When I signed the reverse mortgage papers in February of 2015, I had no doubt I’d be able to satisfy the requirement attached. Years of dog nails, footsteps, and weather had worn paint away in a number of places on my two decks, but I had twelve months to get the exposed wood covered. The contract stated that failure to complete the repairs would result in a default on the loan, followed by foreclosure, a frightening thought except I had all the time in the world.
Summer came. In July I hired a young man to paint the deck. He was here three days and then suddenly moved to New York. I was dismayed, but by then the Rocky Fire was browning the air with so much smoke no one could have worked outside anyway.
Even before the Rocky Fire was contained, the Jerusalem Fire began. It was what we had feared. Drought, strange winds, years of unchecked undergrowth, and desiccated trees created conditions for the perfect firestorm. We made the national news.
When those fires were contained, we celebrated with cautious relief, but there was more to come, and it was worse.
The Valley Fire, whipped by violent, hot, dry winds, brought into people’s living rooms TV images of crackling walls of fire, exploding trees, neighborhoods disappearing in minutes. Once more we made the national news.
Some people had minutes to flee. In other areas, evacuations were going on in a carefully orchestrated way. Where I live, there is only one road out. We had an hour to pack. I took a small suitcase, some mementos, and my guitar. Dan packed the hard drives, the dogs, and one sock. People I hadn’t heard from in years were calling and emailing. They said they were praying.
Then it rained. Gently, softly. The air cooled. The winds stilled. The fire slowed. Firefighters surrounded it and left nothing to rise up and destroy ever again.
More rain fell. Temperatures dropped. We were heading into winter. I started thinking about my deck.
Lake County was in shambles and contractors were scrambling to meet the needs, but Dean of Dean’s Painting listened to my plight and made a point of coming over as soon as he could to give an estimate. He sent a very reasonable bid the very next day. He had only one concern. On the bottom of the bid, he wrote that there would have to be at least a week of temperatures above 70 degrees and humidity below 50%. Otherwise he could not, in good conscience, do the work. The paint simply would not stick.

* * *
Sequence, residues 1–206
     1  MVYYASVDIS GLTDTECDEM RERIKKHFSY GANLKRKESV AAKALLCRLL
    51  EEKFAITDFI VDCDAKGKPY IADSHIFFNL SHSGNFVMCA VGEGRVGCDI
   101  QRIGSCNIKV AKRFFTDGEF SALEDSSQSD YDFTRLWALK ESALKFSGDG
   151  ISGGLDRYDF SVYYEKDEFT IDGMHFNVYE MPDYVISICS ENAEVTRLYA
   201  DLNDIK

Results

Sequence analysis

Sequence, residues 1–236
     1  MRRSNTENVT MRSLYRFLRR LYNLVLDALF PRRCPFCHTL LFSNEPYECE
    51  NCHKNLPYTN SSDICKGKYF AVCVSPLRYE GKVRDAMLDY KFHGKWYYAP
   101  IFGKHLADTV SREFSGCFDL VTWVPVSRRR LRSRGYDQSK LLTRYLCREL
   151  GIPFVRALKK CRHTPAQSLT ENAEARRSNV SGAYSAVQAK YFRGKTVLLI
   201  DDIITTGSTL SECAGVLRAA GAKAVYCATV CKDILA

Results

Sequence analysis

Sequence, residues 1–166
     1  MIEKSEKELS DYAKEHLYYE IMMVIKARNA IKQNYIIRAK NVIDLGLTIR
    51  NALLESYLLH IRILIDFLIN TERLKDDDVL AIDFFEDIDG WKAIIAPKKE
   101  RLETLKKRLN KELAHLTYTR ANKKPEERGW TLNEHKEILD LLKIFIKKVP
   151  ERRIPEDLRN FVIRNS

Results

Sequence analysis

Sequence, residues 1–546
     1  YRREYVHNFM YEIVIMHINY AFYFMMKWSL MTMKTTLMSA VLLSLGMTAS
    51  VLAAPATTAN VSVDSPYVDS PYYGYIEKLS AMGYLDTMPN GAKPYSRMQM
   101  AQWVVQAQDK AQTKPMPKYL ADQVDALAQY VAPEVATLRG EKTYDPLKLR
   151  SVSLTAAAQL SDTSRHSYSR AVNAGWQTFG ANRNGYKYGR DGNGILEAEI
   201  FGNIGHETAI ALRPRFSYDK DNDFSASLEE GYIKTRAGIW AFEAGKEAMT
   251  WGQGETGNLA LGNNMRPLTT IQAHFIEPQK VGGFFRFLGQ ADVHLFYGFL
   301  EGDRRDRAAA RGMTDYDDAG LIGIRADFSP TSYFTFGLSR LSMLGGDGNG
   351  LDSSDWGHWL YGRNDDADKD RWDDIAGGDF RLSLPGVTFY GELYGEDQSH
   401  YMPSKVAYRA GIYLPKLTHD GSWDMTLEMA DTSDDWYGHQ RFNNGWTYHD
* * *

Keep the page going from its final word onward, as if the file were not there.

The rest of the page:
In October, I asked the Lord if my deck would be done in time. He assured me it would. Perhaps that meant I would get an extension for extenuating circumstances. I called the Reverse Mortgage people. I thought it was a reasonable request since we were in a Nationally Declared Disaster Area. The Reverse Mortgage people were nice, but they said no extension had ever been granted where the provision for repairs was set at one year. They suggested contacting HUD or the FHA. Dan helped me do that. What we ran into was a mountain of resistance. It blocked our way in all directions. We got nowhere.
Hearing about my troubles, a friend called Brad Onorato, District Director to Congressman Mike Thompson. He immediately contacted me, saying he would see what he could do. I was hopeful. Surely this unreasonable requirement could not stand before such a determined representative of the Federal Government. Alas! though he truly did his best, Brad Onorato was thwarted by the same mountainous inflexibility we encountered before. It didn’t budge an inch.